The drivers of emergency vehicles have a duty to operate those vehicles safely, even when responding to emergency calls, in the pursuit of suspects, or responding to a fire alarm.
Although these emergency responders are immune for liable for acts of ordinary negligence, the owners of the vehicles- typically their employers- may be responsible for the operator's acts of negligence.
"An owner or lessee of an emergency vehicle....is liable .... for any damages caused by a negligent act or omission of an authorized operator while operating the emergency vehicle in the performance of emergency service."1 However, so long as audio and visual alarms are used, the law does provide certain privileges to the operators of those vehicles. Experienced Baltimore personal injury lawyers know these emergency operators may park or stand in areas that other vehicles may not; pass through a red light if safe to do so; speed safely, and disregard directional signals. Nevertheless, they are always charged with the responsibility of using reasonable care and diligence as required by the circumstances of the emergency.2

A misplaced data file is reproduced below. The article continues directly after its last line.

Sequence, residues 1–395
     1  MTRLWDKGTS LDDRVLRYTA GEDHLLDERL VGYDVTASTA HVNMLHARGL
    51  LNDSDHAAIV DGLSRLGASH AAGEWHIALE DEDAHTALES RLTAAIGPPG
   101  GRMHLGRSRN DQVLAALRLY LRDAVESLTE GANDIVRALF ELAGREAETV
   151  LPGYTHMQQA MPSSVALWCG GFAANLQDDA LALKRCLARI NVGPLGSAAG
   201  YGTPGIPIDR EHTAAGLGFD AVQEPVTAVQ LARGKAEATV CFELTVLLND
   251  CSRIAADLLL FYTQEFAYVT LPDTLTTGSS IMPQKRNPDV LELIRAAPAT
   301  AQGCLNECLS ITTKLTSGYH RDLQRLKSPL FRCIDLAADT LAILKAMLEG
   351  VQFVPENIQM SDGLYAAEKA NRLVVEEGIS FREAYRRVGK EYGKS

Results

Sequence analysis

-This Article was updated by Eric Kirk on 5/1/19.
I've handled cases involving allegations of negligence against the operators of emergency vehicles. Insofar as these claims necessarily involve claims against local governments and municipalities, the legal issues are complex. I offer all my client a no-cost discussion and legal analysis of their claim. If you've been involved in an accident with an emergency vehicle, contact me today.
1 Md. COURTS AND JUDICIAL PROCEEDINGS Code Ann. § 5-639.
2 Md. TRANSPORTATION Code Ann. § 21-106